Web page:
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Lack of leadership challenges world order in 2017

Nationalism looks set to further diminish the multilateral and inclusive institutions of global governance
Gulf News

During 2017, the existing structure of the global community will face the challenge surviving under world leaders who do not care about it. Those who support the multilateral and inclusive system, under which the human race has flourished for more than 70 years, lack the necessary charisma to reignite a global fight for liberalism and tolerance. The global institutions have become discredited. The United Nations Security Council used to be the cockpit of global governance where superpowers met openly, but today, no one really cares what is said at the UN as most great powers choose to act with their allies to achieve what they want. The World Trade Organisation and its predecessor GATT (General Agreement on Tariffs and Trade) have done more to raise global prosperity than any other organisation, but today it is unable to advance as nations refuse to make the essential compromises to achieve open trade. Nato dropped its original sole mandate to defend the democracies of North Atlantic to become an American expeditionary force, getting so confused as to spend more than 10 years in Afghanistan.

These troubled institutions now face multiple assaults from global leaders with very different ideas. United States President-elect Donald Trump takes office later this month and he looks set to demolish the established way of handling international relations. Trump has already made clear that he will be firmly isolationist and pay little attention to the international bodies that the US has led for many decades. Russian President Vladimir Putin wants his country to become the superpower that the Soviet Union was, and given Russia’s economic weakness, he has extended Moscow’s military reach to fight his way to an expanded sphere of influence. 2017 will see him build a secure Russian alliance with Syria that may last for decades, giving Russia a vital Mediterranean port and his new sponsorship of Libyan General Khalifa Haftar may give Russia a useful second base in the Mediterranean and a toe-hold in Africa.

Leadership transition

Chinese President Xi Jinping has a long-term plan to build China’s global dominance that will only include the current multilateral institutions if they change their way of operating to become more China-friendly, but in 2017, Xi will spend much of the year managing the five-yearly leadership transition as he strengthens his position as China’s most authoritarian leader since Mao Zedong. Europe will also be crippled by internal debates as Germany and France go to the polls with a grave danger that the liberal centre (right or left) will be forced to play to the nationalist and xenophobic mob that has gathered strength. All through 2017, Britain will struggle to accept its diminished global significance as it expends all its diplomatic thought on how to leave the European Union with an additional problem of a ruling party that will be hopelessly split between the Hards and Softs, depending on their view of how the UK should deal with Europe in the future.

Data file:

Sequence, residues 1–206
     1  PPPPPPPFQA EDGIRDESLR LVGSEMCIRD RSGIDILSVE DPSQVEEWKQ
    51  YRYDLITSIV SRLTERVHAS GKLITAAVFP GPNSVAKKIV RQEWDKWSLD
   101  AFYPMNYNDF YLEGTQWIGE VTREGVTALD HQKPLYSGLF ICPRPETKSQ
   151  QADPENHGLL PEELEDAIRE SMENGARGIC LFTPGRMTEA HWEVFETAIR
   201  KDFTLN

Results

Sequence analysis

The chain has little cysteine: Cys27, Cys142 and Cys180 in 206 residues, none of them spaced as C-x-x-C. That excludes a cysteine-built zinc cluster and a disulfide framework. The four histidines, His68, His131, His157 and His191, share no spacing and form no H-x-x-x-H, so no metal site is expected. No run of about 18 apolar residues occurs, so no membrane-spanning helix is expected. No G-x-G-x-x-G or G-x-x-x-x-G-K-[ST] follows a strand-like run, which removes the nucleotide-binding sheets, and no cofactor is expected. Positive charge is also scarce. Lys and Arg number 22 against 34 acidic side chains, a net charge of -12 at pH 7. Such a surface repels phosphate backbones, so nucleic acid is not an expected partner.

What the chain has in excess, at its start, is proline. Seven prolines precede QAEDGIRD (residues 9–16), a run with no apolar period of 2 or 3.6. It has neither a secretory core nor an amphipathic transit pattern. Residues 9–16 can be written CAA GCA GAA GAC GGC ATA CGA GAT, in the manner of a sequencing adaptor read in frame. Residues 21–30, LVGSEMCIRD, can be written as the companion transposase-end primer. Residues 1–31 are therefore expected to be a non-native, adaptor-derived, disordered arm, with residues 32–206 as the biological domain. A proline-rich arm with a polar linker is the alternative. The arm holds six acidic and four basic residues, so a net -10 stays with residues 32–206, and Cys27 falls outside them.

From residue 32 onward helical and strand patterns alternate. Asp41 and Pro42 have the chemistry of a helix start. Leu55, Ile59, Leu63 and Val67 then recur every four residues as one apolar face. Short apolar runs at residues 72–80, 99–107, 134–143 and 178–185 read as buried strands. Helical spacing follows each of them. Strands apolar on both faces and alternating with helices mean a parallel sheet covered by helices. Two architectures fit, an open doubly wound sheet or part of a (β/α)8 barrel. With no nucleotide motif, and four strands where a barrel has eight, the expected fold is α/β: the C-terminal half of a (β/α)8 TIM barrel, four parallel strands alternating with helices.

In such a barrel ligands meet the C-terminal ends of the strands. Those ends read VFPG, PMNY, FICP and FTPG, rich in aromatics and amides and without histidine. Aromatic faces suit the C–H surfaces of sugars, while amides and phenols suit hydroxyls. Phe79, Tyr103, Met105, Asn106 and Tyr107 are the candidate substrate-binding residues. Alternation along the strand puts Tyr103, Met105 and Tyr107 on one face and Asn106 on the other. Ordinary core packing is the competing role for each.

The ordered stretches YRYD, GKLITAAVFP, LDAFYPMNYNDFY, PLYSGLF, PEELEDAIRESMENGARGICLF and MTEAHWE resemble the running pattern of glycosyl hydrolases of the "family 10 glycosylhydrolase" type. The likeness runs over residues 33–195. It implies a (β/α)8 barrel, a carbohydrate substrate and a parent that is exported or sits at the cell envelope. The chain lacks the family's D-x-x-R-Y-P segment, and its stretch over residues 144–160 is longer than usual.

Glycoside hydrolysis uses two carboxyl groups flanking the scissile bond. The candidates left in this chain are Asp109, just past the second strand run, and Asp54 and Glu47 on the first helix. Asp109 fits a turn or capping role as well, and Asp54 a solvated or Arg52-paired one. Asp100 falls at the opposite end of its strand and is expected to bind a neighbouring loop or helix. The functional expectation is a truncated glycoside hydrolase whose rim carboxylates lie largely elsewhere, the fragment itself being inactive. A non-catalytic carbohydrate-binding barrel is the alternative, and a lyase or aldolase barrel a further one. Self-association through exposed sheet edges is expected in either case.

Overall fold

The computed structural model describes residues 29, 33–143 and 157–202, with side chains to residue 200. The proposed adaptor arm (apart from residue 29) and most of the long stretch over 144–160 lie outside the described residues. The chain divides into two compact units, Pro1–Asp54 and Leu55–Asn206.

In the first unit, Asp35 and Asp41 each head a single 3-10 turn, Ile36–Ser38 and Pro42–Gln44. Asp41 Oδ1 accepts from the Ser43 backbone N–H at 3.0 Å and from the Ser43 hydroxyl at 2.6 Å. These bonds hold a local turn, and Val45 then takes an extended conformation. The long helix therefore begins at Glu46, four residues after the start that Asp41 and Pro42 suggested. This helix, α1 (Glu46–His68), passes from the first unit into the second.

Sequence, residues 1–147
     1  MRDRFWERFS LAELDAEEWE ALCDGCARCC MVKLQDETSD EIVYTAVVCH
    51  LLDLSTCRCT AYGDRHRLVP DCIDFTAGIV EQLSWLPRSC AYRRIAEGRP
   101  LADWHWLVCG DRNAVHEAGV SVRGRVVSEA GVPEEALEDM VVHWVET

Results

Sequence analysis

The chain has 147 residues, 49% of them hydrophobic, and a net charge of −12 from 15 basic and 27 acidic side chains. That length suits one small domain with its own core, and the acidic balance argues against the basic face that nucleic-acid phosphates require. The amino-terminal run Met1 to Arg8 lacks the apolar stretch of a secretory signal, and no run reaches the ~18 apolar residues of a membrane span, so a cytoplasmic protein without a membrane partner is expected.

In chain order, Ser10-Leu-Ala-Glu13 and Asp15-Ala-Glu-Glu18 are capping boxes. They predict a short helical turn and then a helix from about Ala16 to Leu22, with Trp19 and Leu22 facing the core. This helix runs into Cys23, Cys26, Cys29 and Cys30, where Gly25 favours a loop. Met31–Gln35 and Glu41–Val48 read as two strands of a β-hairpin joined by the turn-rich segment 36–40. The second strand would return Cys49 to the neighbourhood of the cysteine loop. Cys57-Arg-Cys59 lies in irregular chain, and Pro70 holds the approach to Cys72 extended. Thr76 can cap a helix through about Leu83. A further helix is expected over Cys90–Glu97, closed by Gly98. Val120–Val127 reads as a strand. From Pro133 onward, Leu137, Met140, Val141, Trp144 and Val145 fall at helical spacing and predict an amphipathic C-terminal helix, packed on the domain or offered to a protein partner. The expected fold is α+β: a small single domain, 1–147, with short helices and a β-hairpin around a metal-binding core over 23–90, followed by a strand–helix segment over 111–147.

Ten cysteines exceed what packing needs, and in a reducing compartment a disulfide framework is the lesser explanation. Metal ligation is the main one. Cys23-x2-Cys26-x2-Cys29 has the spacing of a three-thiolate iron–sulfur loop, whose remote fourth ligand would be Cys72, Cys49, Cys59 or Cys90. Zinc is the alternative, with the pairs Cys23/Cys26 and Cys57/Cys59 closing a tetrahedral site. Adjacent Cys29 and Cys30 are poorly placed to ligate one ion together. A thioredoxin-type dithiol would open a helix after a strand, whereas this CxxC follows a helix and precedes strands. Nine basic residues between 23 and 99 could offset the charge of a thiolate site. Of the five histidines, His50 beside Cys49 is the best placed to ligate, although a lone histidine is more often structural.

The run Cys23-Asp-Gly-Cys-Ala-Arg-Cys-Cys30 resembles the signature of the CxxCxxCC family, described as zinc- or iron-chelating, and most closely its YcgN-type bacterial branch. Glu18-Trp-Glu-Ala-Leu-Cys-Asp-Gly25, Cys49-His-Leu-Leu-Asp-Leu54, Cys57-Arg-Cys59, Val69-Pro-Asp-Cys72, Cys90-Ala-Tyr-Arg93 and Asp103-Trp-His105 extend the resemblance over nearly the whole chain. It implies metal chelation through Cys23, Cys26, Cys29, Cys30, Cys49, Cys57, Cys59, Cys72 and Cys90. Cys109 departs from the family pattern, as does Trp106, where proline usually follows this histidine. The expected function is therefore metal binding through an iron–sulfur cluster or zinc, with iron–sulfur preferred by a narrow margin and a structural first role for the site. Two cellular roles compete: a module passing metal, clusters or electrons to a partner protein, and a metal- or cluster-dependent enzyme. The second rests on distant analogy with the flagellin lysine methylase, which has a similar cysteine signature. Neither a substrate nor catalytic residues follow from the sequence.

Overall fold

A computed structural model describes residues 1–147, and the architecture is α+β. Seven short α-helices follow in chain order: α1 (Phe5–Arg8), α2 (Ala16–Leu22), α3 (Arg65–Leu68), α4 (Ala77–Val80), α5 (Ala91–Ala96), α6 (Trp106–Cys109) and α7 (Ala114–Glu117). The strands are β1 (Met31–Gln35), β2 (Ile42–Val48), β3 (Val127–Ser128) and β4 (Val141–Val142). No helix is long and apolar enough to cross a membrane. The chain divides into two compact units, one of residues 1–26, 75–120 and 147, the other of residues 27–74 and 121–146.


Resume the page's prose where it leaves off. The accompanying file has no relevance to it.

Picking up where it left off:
The Middle East may see more stability after years of anarchy, but that stability will be based on military imposition of law and order and any inclusivity will be regarded as a luxury that can be jettisoned. The Iraqi assault on Mosul should eventually defeat Daesh (the self-proclaimed Islamic State of Iraq and the Levant), but the narrow and sectarian government in Baghdad will be in danger of failing (again) to ensure the inclusive governance that will attract the largely Sunni population of Mosul and northern Iraq. The defeated Daesh will revert back to its deeply abhorrent terrorist origins and a wave of gross bombings are likely to shock all of us.

Death of the Geneva process

In Syria, the government has been given the advantage by its Russian and Iranian allies and it may be able to extend its territorial reach during 2017. But it is unlikely to manage a conclusive win against all comers, even if it does retake Idlib province. The Geneva Process has been killed by the Turkish-Russian-Iranian alliance backing Syrian President Bashar Al Assad, but there remains a need for an interim process and inclusive governance if Syria is ever to find peace. 2017 will reveal if Al Assad has the imagination to reach out and offer that or revert to his regime’s more standard procedure of imprisonment and torture.

Yemen may have one of the wars that sees more genuine calm as the Saudi-led coalition increases its gains in the south, eliminating Al Qaida and restoring good governance. This will be a very different story from the war that looks likely to continue on the north where Al Houthi rebels continue to hold out for extravagant terms, backed by their Iranian allies.

Iran faces a presidential election in which incumbent President Hassan Rouhani will be severely challenged as his nuclear deal with the international world is failing to bring any economic benefit — thanks to the international banks’ refusal to handle any payment from Iran. So far, the Obama administration has not challenged this position and a Trump administration will certainly not help. So the internationalist Rouhani is likely to lose to a much more aggressive isolationist.

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